So, is José Mourinho a stop gap appointment? Of course, but in the context of the club and what it needs it is probably the only one that makes sense. Will it be ugly?
I’ll be honest, I’ve always detested José Mourinho. Not just the football his teams play, but the circus that surrounds him and the conflict that seems to preclude his departure from, well, everywhere.
Yet here we are, and here he is.
We’ve all been here before with Tottenham, and though sometimes Levy’s mid-season gambles have backfired; this time round the new broom can be truly thought as top tier, at least until very recently. Importantly, there was no expensive buy-out required and all Spurs had to be was more tempting than a studio seat next to Jamie Carragher to land their man.
If £15 million a year wasn’t sufficient motivation for José, today’s Tottenham represents the perfect setting for him. After a year of supposed self-reflection, the coach with the legendary self-confidence strode into a club so starved of silverware that even a modest return will represent a success to all but the biggest critics.
The trophies he won in Manchester- dubbed by some the ‘least impressive treble of all’- would immediately catapult him to being Tottenham’s most successful manager in over 30 years. Talking of success, if you fancy some of your own, check out these online bonus codes for football betting and perhaps even complete your own impressive treble.
The appointment also heralds the alignment of many stars for Daniel Levy, who has long admired the Portuguese coach. Nevertheless, despite the new real estate and the crop of international players at the club, it is entirely thanks to the fractious nature of his last two appointments that the move was even remotely possible. Make no mistake, had José achieved anything like the expected return for his time at Chelsea and United, he would not have looked twice at Tottenham; regardless of the show-home.
There is something very ‘Tottenham’ about appointing Mourinho at a point where his methods are consigned an artefact of yesterday by many. He may have bought trophies to Manchester United, but both the football and his abrasive nature rankled with their fanbase from the outset. It is entirely likely that the same thing will happen again this time round, of course; and the critics (myself included) have been quick to identify worrying signs already. That said however, predictions of Mourinho’s demise as a footballing force are more than a little unfair. There is more to this story than a game evolving beyond one of its key protagonists.
Truthfully, José Mourinho was a poor fit at United, following as he did from the failures of David Moyes and Louis van Gaal. What he found was a club still trying to free itself from the ghosts of the past empire. This was further complicated when the club became the biggest footballing franchise of them all (at least in financial terms). More than ever, public relations became critical with such sums at stake, and in this context, conflict- and failure- was inevitable. Mourinho the arch disruptor needs to be the point around which the show revolves, and this one had just become too big for one man.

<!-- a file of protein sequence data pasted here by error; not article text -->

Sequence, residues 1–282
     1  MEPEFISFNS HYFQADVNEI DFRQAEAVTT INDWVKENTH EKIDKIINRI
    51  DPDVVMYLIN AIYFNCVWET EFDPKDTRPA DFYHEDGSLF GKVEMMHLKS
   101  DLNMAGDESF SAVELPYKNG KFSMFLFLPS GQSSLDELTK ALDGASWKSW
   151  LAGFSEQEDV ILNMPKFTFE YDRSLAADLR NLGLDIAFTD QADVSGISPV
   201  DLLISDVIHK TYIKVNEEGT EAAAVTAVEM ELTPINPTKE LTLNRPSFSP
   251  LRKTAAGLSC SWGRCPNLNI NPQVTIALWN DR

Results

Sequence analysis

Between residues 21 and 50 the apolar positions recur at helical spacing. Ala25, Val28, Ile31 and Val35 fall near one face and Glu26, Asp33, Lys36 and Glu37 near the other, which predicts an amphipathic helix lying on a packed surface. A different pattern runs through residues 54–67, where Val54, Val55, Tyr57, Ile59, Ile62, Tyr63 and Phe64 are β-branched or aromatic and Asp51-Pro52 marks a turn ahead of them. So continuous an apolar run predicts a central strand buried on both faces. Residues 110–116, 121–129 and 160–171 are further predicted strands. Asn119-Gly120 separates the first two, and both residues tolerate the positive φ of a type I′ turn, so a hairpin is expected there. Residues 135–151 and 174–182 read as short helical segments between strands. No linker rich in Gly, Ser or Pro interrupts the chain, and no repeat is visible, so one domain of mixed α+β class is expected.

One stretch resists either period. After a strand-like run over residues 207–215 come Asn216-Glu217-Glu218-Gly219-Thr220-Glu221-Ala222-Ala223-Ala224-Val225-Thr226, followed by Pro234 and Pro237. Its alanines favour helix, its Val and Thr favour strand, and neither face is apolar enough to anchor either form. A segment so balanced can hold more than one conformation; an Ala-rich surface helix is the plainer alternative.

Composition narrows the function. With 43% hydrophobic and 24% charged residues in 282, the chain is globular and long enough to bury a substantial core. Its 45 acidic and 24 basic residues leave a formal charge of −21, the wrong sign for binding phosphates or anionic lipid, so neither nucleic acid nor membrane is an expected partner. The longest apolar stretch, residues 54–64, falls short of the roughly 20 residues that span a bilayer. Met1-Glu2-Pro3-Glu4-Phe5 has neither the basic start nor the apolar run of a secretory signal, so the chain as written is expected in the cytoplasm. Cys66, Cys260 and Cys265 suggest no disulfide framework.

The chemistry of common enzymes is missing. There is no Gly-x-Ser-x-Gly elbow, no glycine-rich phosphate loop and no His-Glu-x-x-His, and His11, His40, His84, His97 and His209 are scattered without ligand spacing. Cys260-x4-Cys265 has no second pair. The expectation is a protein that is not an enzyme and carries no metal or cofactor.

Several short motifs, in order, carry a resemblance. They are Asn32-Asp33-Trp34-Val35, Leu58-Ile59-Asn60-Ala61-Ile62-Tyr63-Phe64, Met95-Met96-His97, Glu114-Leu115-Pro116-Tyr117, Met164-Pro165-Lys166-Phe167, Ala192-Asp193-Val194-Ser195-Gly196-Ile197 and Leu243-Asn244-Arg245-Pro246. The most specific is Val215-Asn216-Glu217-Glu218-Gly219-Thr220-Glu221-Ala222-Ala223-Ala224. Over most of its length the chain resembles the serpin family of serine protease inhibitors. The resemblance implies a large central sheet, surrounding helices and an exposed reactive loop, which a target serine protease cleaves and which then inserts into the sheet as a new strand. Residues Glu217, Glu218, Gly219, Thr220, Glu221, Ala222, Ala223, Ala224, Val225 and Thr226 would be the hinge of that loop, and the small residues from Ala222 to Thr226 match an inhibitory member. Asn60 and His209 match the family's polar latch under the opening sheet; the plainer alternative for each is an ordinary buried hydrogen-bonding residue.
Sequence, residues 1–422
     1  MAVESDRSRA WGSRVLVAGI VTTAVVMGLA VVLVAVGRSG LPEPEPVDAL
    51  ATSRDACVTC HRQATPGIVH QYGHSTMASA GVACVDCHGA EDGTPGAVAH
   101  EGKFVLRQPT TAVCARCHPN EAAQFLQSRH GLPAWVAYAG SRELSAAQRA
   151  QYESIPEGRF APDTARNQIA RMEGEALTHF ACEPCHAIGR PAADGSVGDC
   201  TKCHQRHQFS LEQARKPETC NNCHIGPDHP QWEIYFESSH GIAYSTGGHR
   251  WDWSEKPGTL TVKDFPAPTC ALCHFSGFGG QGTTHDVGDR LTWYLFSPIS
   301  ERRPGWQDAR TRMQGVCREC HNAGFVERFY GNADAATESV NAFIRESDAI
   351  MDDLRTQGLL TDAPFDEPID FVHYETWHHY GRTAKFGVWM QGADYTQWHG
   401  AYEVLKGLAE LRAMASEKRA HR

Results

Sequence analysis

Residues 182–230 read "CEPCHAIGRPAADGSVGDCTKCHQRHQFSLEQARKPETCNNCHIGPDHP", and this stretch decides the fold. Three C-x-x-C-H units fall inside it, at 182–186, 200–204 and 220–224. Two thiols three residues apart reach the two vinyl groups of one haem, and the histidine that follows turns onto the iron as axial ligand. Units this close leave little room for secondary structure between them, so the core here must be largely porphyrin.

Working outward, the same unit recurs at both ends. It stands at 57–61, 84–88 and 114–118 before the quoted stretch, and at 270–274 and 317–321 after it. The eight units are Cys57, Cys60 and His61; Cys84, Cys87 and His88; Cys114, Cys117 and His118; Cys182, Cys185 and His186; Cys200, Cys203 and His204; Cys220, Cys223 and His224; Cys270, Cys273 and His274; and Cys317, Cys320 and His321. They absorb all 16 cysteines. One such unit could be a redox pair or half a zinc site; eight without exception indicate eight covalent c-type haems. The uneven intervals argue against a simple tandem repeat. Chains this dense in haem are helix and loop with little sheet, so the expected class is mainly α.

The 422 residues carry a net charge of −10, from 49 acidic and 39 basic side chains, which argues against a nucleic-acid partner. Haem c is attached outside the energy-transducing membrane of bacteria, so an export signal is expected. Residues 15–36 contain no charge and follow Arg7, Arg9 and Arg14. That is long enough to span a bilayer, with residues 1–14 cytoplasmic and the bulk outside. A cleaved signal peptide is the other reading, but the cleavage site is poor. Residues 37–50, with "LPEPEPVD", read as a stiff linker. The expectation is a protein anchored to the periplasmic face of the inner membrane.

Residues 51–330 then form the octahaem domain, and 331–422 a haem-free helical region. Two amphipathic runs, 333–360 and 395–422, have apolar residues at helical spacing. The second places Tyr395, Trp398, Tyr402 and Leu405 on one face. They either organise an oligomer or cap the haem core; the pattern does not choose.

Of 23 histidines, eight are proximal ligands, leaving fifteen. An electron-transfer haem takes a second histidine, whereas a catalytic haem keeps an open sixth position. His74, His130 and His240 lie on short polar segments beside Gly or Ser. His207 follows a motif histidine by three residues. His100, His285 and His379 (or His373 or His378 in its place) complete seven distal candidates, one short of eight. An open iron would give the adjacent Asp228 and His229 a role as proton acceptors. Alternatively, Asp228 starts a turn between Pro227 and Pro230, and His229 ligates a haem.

As time went on, his rancour became more evident. These antics have always been claimed to deflect the spotlight from his players, but jibes at Smalling, Pogba, and Shaw gave lie to this at United. Whatever his motivation, it was clear that he was struggling to play a role within an organisation with such new brand concerns. The acrimony of Chelsea and Real Madrid had altered him; shortened the temper and added more spite to the off-hand remarks. The Mancunian showdown arrived like clockwork with all too predictable results.
It is necessary to look beyond his return to England for full context, however. The 2010’s are a mix of spite and silverware for Mourinho. Real Madrid- surely the most toxic, personality-driven, football club in the Northern hemisphere – is itself more of a saga than a sporting institution.
Battling Barcelona for honours, Mourinho’s remit was first and foremost to stop the Catalonians. They did cause Guardiola’s side a few uncomfortable moments, notably in the 2011 Copa del Ray final; but the contain and counter tactics were unsuited to a club with the profile of Madrid, and friction between the ego-laden manager, superannuated players, and popularity-driven employers became the dominant narrative. Often controversial, frequently unpleasant, Mourinho’s Madrid won cups but not compliments. When viewed against the mirror of Guardiola’s media darlings, it simply wasn’t enough.
Back at Chelsea, Mourinho was reunited with the notorious Abramovich. Few of his appointments linger, regardless of what trophies they bring. In his never-ending quest for a footballing ‘identity’, Roman Abramovich has a propensity for the managerial hair-trigger to rival Daniel Levy. Nobody with any knowledge of their history gave credence to Mourinho’s assertion that he would stay and build an empire at Stamford Bridge; although the speed that it fell apart was perhaps a surprise. Of course, he fell upwards and landed the job he had coveted at Manchester United. From there, the cycle inevitably repeated, bringing us neatly to Tottenham.